Navy Officer Passed Air Defense Secrets to China

U.S. Navy EP-3 spy plane is unloaded from a Russian AN-124 cargo jet near a Lockheed Martin hangar after landing at Dobbins Air Reserve Base in Marietta, Georgia, on July 5, 2001. Lieutenant Commander Edward C. Lin, a Navy officer, is accused of multiple counts of passing secrets to China about A2AD defenses and EP-3 reconnaissance flights. Reuters

This article first appeared on the Atlantic Council site.

News trickled out last weekend about a U.S. Navy officer charged with espionage who may have jeopardized significant intelligence collection capabilities and sensitive operations because of the access he had to patrol and reconnaissance aircraft.

The officer, who has been identified (although not officially confirmed by the Navy) as Lieutenant Commander Edward C. Lin, is accused of multiple counts of passing and attempting to pass secret information to a foreign government, reportedly China.

Lin had assignments with a Fleet Air Reconnaissance Squadron, which flies the EP-3E Aires II signals intelligence collection aircraft, and a Special Projects Squadron.

China may have an abiding special interest in EP-3E collection operations and capabilities going back to the April 2001 mid-air collision between an EP-3E and a Chinese J-811 interceptor fighter jet. The Chinese pilot was killed in the collision and the EP-3E was forced to land on Hainan Island.

Chinese authorities detained the crew of the EP-3E and blamed the United States for the incident. Admiral Dennis C. Blair, the commander in chief of the United States Pacific Command at the time, accused the Chinese plane of tailing the U.S. jet.

Details of the charges against Lin are scant, based heavily on the three-page, heavily-redacted charging documents acquired by US Naval Institute News . According to those charge sheets, he is accused of multiple counts of passing and attempting to pass secret information to a foreign government, which is reported to be China.

Espionage is always a matter of grave concern. By definition "secret" information is that which by its disclosure could cause serious damage to national security. The specifics of the information Lin is accused of compromising will probably remain protected, though, even throughout court-martial proceedings.

The espionage, however, highlights critical strategic issues. The U.S. Navy finds itself in a strategic environment facing competition against not one but two major powers—Russia and China.

Both countries have taken advantage of a dwindling gap in U.S. technological superiority to create areas of "Anti-Access/Area Denial" (A2AD). Both countries have deployed an array of surface-to-air and anti-ship missiles, and the associated radars and command and control, from the Western Pacific to the Baltic and Barents Seas.

Their operational objective is to keep US and allied forces at a distance and stop the United States and its allies from waging war in a manner we have displayed from Operation Desert Storm in 1991, to Operation Odyssey Dawn/Unified Protector in Libya in 2011, to Operation Inherent Resolve against the Islamic State of Iraq and al-Sham (ISIS) in Iraq and Syria.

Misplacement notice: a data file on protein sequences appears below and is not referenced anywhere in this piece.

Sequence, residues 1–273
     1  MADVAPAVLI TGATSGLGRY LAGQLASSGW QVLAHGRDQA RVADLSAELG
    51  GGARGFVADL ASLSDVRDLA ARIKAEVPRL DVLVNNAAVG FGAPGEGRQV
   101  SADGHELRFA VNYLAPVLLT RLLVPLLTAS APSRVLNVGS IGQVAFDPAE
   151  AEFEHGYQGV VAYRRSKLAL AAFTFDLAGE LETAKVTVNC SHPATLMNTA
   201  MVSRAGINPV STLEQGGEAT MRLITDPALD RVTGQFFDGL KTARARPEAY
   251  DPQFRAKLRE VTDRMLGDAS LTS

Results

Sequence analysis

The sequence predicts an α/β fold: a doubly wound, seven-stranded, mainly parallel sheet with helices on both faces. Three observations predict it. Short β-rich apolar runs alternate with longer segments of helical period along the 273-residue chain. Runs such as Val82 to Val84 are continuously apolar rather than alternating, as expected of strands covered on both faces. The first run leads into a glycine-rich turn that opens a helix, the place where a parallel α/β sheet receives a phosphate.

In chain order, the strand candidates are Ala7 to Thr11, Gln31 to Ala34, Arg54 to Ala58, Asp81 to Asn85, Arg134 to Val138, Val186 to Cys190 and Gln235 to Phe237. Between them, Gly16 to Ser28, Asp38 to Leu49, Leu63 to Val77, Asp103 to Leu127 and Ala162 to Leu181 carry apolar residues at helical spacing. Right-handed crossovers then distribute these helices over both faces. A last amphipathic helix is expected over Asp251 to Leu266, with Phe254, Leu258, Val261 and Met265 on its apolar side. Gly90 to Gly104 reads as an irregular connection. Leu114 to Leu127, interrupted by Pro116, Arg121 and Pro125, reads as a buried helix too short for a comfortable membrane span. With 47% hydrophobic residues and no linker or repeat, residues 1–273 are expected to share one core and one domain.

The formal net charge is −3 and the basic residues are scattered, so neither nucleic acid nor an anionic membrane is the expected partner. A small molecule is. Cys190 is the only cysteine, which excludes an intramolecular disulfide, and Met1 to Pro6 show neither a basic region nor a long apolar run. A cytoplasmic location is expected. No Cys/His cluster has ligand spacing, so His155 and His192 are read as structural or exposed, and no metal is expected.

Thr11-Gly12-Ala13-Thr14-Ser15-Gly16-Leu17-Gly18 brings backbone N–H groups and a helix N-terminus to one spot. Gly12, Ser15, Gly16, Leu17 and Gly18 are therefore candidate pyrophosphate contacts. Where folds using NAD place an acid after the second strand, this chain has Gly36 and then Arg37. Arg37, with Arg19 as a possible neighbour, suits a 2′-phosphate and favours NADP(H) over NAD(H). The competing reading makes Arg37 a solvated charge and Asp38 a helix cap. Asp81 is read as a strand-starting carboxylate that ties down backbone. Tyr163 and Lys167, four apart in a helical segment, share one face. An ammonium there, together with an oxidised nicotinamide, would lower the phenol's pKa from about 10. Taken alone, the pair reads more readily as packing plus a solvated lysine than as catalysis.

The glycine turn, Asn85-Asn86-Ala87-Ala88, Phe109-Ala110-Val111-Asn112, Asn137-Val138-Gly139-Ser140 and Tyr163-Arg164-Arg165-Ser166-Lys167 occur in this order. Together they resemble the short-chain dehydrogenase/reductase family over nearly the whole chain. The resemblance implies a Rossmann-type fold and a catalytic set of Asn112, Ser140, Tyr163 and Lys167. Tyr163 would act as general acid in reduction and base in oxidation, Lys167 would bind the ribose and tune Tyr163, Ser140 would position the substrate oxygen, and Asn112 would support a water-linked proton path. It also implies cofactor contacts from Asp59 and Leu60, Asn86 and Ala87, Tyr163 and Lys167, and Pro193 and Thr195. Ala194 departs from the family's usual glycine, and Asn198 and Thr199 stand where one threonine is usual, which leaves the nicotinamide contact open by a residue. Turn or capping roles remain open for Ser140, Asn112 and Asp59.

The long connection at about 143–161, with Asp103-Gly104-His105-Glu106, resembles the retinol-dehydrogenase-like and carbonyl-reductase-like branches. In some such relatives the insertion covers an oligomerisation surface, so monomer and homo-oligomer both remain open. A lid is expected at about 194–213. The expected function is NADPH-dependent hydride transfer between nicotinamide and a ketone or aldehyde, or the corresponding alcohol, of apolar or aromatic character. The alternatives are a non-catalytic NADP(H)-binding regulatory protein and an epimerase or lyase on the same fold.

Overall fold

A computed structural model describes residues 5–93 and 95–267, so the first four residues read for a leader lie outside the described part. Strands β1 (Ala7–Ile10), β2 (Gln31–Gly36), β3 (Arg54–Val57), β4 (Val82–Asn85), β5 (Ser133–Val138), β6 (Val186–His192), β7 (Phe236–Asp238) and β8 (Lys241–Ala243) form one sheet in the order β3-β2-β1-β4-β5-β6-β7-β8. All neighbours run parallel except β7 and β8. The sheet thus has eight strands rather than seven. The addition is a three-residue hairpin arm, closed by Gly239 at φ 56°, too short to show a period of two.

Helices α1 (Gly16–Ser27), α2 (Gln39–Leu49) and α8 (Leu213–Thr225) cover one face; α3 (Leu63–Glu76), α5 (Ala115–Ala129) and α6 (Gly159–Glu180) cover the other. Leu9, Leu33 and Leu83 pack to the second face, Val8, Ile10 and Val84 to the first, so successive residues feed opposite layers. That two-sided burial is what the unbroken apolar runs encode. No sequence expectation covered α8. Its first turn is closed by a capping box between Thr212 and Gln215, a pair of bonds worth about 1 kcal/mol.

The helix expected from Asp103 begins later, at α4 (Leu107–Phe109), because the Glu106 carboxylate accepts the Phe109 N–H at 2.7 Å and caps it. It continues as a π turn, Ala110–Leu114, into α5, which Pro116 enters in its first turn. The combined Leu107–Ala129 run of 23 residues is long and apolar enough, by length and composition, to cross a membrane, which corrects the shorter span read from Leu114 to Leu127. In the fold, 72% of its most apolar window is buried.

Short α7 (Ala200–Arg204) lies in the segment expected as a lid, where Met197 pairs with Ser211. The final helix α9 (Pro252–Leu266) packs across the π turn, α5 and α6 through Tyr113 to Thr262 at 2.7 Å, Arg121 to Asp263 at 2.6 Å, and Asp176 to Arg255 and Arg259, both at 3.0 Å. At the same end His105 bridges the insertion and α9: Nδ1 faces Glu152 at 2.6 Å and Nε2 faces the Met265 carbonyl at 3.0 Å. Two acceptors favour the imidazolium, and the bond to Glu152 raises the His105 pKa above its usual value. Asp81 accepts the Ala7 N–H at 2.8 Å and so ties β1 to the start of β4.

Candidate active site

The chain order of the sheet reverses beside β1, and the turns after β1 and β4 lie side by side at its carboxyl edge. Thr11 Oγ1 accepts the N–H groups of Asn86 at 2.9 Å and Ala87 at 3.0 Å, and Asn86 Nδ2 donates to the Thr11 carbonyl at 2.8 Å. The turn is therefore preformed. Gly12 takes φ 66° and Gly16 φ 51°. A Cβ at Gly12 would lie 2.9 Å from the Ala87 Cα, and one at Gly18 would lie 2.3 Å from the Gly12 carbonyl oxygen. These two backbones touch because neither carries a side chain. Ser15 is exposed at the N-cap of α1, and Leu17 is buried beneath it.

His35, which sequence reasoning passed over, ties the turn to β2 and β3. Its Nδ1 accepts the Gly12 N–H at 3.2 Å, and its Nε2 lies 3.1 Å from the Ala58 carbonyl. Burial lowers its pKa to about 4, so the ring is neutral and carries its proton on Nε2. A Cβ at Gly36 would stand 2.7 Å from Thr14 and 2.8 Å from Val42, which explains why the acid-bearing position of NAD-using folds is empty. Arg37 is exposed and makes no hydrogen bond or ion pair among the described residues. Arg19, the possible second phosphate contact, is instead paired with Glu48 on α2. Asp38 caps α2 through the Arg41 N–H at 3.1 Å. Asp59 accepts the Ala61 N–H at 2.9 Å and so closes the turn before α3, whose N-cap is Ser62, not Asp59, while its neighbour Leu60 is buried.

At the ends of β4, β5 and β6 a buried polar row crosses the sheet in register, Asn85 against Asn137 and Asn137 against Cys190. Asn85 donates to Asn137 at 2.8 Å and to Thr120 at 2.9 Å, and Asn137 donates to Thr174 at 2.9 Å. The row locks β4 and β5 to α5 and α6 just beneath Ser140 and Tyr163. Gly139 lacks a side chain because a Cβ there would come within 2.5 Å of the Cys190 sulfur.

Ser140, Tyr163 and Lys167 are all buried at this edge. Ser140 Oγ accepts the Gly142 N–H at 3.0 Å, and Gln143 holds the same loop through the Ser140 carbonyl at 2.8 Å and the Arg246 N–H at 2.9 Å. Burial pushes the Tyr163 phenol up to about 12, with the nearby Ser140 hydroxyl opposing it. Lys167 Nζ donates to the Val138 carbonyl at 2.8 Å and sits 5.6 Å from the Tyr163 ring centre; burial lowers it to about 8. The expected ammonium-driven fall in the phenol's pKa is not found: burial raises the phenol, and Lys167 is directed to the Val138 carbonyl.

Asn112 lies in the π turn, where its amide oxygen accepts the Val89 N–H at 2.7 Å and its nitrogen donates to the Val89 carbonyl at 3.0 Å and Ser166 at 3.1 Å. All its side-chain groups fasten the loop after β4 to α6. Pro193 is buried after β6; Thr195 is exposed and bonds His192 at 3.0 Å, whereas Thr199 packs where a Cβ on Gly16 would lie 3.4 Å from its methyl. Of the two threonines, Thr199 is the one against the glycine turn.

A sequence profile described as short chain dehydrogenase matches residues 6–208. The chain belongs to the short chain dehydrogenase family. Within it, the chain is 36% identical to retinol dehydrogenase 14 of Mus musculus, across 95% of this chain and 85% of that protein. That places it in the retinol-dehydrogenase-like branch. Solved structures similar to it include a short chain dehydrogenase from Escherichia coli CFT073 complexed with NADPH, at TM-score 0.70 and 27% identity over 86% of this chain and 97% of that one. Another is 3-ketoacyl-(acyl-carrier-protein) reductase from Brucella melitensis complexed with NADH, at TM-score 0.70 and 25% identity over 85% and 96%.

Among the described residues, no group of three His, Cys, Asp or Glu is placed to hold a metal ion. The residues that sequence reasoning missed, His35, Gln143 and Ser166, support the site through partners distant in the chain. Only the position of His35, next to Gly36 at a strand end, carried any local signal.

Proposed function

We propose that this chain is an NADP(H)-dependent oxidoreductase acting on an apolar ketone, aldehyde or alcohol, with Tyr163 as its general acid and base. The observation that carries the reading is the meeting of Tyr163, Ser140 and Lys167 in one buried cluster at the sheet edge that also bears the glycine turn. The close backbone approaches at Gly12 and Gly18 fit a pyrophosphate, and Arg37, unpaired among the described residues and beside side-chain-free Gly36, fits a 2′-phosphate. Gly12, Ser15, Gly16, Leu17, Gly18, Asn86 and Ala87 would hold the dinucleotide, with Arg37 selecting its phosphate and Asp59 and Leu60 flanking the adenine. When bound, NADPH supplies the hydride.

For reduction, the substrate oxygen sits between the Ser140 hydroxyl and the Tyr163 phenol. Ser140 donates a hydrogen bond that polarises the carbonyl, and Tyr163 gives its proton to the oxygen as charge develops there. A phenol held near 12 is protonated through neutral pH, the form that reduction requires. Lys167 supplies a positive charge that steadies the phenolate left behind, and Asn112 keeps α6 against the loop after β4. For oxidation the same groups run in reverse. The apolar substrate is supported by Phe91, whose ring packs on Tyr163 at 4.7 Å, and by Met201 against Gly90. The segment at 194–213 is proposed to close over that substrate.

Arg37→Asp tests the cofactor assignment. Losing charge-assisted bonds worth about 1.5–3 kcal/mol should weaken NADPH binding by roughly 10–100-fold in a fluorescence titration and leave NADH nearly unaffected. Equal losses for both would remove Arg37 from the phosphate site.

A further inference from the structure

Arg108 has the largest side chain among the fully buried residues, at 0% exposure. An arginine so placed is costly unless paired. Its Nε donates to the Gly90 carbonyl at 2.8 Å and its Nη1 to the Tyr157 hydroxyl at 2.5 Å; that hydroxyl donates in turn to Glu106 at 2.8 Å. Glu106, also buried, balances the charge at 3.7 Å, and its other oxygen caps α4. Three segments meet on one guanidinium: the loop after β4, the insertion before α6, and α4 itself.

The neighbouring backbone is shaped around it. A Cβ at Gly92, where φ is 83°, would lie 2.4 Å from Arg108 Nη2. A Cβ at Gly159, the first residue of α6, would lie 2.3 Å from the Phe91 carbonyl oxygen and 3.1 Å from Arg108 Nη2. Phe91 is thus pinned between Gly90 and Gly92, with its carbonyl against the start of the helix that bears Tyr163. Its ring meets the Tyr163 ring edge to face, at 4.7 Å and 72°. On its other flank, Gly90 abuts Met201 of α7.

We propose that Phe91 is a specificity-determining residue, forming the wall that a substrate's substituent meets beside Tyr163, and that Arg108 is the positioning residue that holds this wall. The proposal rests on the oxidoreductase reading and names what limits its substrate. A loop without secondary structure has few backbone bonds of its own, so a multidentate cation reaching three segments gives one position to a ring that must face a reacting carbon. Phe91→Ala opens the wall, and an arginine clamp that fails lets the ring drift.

Attempting to gain sea control, operational access, and entry to A2AD air- and waterspace relies on advantages in information, targeting and decision timelines.

In 2009, Chief of Naval Operations Admiral Gary Roughead committed to making information a main battery of the U.S. Navy. The signals intelligence from EP-3E and similar collection platforms is foundational to how the U.S. Navy and joint force will fight in an A2AD environment.

The cat-and-mouse game of acquiring precise intelligence on A2AD defenses, while remaining undetected in our maneuver space at sea, is a critical strategic aspect of the modern and future battleground. Disclosure of the secrets of our reconnaissance sensors may tip that balance against the US Navy in a future fight.

Even while discussing information warfare and including cyber and electromagnetic domains in all-domain access, it is interesting to note that what Lin is accused of is good old-fashioned espionage. Rather than cyber espionage or computer network exploitation, which frequently appear in the press and popular culture these days, this was old-school human intelligence, exploiting human weaknesses as in Navy espionage cases of decades ago like John Walker—a U.S. Navy Chief Warrant Officer who was convicted of spying for the Soviet Union—and Jonathan Pollard—an intelligence analyst with the Navy who was convicted of spying for Israel.

Mentioning those past espionage cases still evokes a quick, emotional response in Navy circles. Only time will tell if the Lin case will one day do the same.

Given the accused's access to front-line intelligence collection capabilities and operations, plus the involvement of China, our rival in the Pacific Century, the present espionage case has every chance to reach that level of notoriety and cause a similar degree of damage to the United States and national security.

Captain Steven Horrell is an active duty U.S. Navy officer and is the current US Navy Senior Fellow at the Atlantic Council. The opinions expressed are his own, and do not necessarily reflect the views of the Department of Defense or the Department of the Navy.

An early version of this story wrongly attributed the Hainan incident to June, not April 2001.

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